I hope that the previous post about sweater fit was helpful and inspiring to all passionate knitters out there. My posts are meant to give insight into some of the information out there that I have found most helpful in my knitting journey.
So, you decided to knit that sweater (or dress, tank-top, etc.). First of all, good for you! This is a big step in your knitting career and you should be proud of your work! You finally finished, *hallelujah!* and are now laying out all the pieces, however many there may be and… now what??
Chances are, your garment will require some (now take a deep breath) seaming. Even if you are creating something with a top-down construction you will likely have to endure some type of finishing requiring a tapestry needle. This guide is meant to serve as a reference for some common ways to piece together a professional-looking handknit garment.
Once again, this is not all encompassing. If you are looking for a more complete reference material, may I suggest Deborah Newton’s book Finishing School: A Master Class for Knitters.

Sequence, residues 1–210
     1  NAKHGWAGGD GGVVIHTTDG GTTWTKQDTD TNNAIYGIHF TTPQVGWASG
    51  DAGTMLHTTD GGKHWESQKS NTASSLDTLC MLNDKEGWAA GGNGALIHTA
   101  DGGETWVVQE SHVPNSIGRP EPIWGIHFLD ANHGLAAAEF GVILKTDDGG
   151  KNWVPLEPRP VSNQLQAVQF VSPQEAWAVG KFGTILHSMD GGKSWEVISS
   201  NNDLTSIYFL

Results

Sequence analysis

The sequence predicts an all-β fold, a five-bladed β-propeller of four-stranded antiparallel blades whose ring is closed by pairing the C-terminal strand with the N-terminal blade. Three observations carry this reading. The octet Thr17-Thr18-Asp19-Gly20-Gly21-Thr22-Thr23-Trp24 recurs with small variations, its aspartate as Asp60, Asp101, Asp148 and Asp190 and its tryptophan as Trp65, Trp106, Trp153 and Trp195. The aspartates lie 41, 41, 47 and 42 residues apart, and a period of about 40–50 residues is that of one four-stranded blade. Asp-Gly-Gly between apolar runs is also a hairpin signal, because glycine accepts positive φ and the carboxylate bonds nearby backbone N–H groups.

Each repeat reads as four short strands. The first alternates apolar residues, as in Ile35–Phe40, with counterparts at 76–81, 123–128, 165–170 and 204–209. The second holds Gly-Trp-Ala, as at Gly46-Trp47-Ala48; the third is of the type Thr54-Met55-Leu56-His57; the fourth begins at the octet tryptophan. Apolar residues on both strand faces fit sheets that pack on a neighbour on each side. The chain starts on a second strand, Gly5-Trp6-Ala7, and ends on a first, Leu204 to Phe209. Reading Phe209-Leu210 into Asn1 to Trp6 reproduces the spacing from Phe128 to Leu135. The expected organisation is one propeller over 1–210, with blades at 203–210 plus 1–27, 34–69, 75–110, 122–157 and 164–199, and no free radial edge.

This book contains patterns, but they are mainly meant to serve as mini-workshops on demonstrations for common finishing techniques. Her advice in the book is quite invaluable. What is her best piece of advice?
Think about finishing before you begin your garment! *Groan… well, once you begin gleaning information about finishing (from my post or any other source), you will begin to see that there are certain techniques where the item itself was designed to be put together a certain way. At the very least READ your pattern through TO THE END! Hopefully, the designer will have done this thinking for you and you can better visualize how the pieces will come together. Once you have had some experience, you will begin to understand how you can make simple modifications to create the type of seam you prefer.
OK, now on to the good stuff. I will attempt to explain some of the most helpful techniques I have come across and when to implement them. The goal was to have a post with all main finishing techniques in one handy location.
First things first…
Yeah, you read right. A lot of new knitters do not even know what this means. All knitted items go through the ringer while we are working on them, they curl up, wrinkle, the dog takes it and decides it is his new favorite toy…
OK, maybe I have the only dog in the world that loves yarn as much as I do.